Asleep In Dress Blues: Music For Memorial Day : Deceptive Cadence Hear evocative music about fallen heroes — from a symphony by the son of a Civil War bandsman to a song honoring a young Marine from Alabama.

Asleep In Dress Blues: Music For Memorial Day

A lone bugler plays "Taps" during a burial service at Arlington National Cemetery. Win McNamee/Getty Images hide caption

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Win McNamee/Getty Images

A lone bugler plays "Taps" during a burial service at Arlington National Cemetery.

Win McNamee/Getty Images

Memorial Day can all too easily mark the start of grilling season and retail sales events instead of fulfilling its original purpose, honoring those who lost their lives in service to our country.

Congress made the holiday official in 1971, but the practice dates back to the 1860s, when it was known as Decoration Day, an occasion for decorating the graves of Civil War soldiers. Late May was chosen, historians say, because flowers would be in bloom throughout the country.

It was only after World War I that Decoration Day was extended to commemorate the dead from all U.S. battles. Monday we'll remember those soldiers, especially the most recent casualties. Since 2003, according to the Department of Defense, more than 6,800 men and women in the U.S. armed forces have died in the wars in Iraq and Afghanistan.

The horror of war continues to inspire musicians in myriad ways, and for this Memorial Day we've compiled a short list of songs. It's not really a playlist or mixtape for the day, but simply some music that celebrates our heroes, comforts the family and friends of the fallen and causes us all to think — not about this weekend's bargains but the everlasting cost of war.

Asleep in Dress Blues: Music For Memorial Day

  • Lee Brice: "I Drive Your Truck"

    For any parent who's mourned a child killed in battle, this song strikes deep. It's a simple, heartbreaking image: A father continues to drive his son's truck as a way of easing the pain of losing him to the war in Afghanistan. The song, based on the true story of Paul Monti and his son, Sgt. 1st Class Jared Monti, won Song of the Year last month at the Academy of Country Music Awards. From a public radio interview (which initially inspired the song), Monti's father said he couldn't help driving the truck: "It's him. It's got his DNA all over it. I love driving it because it reminds me of him, though I don't need the truck to remind me of him. I think about him every hour of every day."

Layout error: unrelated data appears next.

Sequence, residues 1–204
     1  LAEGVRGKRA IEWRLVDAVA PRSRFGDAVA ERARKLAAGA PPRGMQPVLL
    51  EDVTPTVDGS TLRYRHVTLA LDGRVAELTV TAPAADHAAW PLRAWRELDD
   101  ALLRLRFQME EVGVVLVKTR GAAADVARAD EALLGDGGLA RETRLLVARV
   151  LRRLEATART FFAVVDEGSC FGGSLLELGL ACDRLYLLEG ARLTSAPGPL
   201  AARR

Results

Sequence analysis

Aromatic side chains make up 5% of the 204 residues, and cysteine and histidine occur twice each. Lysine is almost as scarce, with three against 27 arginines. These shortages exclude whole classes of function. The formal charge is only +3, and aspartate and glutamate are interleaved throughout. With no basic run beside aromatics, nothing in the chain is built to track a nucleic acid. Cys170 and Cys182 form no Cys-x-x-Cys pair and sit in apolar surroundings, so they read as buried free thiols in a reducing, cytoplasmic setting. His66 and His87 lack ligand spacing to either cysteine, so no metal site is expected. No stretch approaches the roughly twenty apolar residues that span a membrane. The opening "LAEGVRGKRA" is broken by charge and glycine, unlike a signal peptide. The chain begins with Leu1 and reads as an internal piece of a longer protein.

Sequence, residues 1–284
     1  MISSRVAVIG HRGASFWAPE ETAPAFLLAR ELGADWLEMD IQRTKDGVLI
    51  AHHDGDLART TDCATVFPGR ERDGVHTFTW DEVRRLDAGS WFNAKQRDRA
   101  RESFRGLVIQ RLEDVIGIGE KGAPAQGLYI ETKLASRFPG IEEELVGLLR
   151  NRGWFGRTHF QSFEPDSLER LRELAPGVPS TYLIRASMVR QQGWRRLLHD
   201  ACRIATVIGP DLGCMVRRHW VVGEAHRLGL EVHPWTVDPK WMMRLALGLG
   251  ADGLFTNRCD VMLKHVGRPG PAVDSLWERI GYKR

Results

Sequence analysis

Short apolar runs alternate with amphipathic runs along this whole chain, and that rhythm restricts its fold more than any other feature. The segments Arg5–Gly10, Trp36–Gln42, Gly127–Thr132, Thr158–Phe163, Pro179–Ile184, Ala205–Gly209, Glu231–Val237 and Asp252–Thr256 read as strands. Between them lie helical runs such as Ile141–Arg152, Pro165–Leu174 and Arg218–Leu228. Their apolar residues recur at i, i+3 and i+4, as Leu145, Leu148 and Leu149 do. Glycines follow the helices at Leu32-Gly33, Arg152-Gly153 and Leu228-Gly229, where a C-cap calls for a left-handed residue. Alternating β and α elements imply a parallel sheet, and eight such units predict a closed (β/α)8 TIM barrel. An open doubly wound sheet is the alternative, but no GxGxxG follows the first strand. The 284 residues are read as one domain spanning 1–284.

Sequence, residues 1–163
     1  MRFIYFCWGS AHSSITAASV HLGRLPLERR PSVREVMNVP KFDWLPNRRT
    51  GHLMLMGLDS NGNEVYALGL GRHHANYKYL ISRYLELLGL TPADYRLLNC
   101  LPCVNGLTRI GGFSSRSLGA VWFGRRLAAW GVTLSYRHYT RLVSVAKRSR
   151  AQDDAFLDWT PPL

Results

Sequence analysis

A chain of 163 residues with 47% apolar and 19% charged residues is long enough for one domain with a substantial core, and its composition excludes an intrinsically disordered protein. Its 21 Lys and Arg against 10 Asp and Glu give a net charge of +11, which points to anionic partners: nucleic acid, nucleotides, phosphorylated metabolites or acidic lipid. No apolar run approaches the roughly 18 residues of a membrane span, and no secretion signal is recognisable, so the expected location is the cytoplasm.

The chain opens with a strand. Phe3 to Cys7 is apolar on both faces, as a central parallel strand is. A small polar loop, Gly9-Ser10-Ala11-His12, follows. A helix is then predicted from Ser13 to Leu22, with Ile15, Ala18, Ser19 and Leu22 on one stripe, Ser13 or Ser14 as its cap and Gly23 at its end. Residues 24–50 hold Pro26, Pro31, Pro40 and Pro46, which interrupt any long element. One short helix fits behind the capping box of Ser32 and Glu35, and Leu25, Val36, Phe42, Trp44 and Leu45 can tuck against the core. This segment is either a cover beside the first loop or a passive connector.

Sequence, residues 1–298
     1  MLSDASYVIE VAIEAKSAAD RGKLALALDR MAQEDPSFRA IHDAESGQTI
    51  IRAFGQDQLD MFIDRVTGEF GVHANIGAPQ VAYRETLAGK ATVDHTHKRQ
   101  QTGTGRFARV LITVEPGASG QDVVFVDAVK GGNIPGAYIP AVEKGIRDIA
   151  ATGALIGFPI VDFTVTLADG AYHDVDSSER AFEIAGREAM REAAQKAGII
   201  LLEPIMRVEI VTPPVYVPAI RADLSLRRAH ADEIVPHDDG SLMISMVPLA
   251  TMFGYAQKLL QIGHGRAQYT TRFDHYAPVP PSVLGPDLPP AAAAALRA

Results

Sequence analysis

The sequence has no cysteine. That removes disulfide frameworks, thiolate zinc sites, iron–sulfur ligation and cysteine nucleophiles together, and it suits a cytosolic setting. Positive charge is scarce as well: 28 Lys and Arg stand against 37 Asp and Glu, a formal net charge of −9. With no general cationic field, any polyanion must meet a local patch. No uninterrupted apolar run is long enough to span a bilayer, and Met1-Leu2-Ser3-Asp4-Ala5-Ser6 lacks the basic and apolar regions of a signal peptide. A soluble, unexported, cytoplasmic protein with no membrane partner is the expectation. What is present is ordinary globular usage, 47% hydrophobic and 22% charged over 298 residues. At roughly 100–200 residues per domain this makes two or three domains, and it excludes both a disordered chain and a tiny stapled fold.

• John Legend and The Roots: "I Can't Write Left-Handed"

    This song, especially in such a fiery, no holds barred performance, is a defiant salute not to the dead, but to the wounded soldiers. Written in 1973 by Bill Withers, reacting to the Vietnam War, it remains poignant today when you consider that, according to the Department of Veterans Affairs, more than 1 million military personnel have used VA facilities as a result of the wars in Iraq and Afghanistan. Many are struggling to obtain appropriate benefits. The video is directed by Spike Lee.

  • Charles Ives: Decoration Day (from Holidays Symphony)

    Charles Ives was born in 1874, less than 10 years after the Civil War ended. As an adult, he remembered Decoration Day activities in Danbury, Conn. with his father, who had served in the war as the Union Army's youngest bandmaster. This piece unfolds cinematically. A quiet bed of strings opens with a whiff of Adeste Fideles, which is heard more prominently later in the piece. In rhapsodic passages, mourners trim the graves with flowers. Taps is heard in the distance, and with its final note still ringing, the mood suddenly shifts and a boisterous march in polyrhythms breaks out, leading everyone back home, where once again a somber mood prevails. No less an admirer than Igor Stravinsky said, "Decoration Day is a masterpiece, with an ending that is the loneliest and one of the most touching I know of."

  • Jason Isbell: "Dress Blues"

    Jason Isbell's beautiful and bitter 2006 ballad is dedicated to a high school buddy who joined the Marines at 18, fought in the Middle East and never returned home to Alabama. Streaks of futility and anger run through the song, which is crafted like a letter. Isbell asks, "What did they say when they shipped you away to fight somebody's Hollywood war?" The gnawing refrain is compact and evocative: "You never planned on the bombs in the sand or sleeping in your dress blues."

  • "Taps"

    In just 24 notes, "Taps," the tune we know as the solemn bugle melody played over soldiers' graves, can be both deeply sorrowful and somehow comforting. Almost like a lullaby. Taps dates from the Civil War when, the story goes, a Union general named Butterfield scribbled some notes on a staff with pencil and commanded his bugler to sound them out one still summer evening in 1862 while his brigade was camped at Harrison's Landing in Virginia.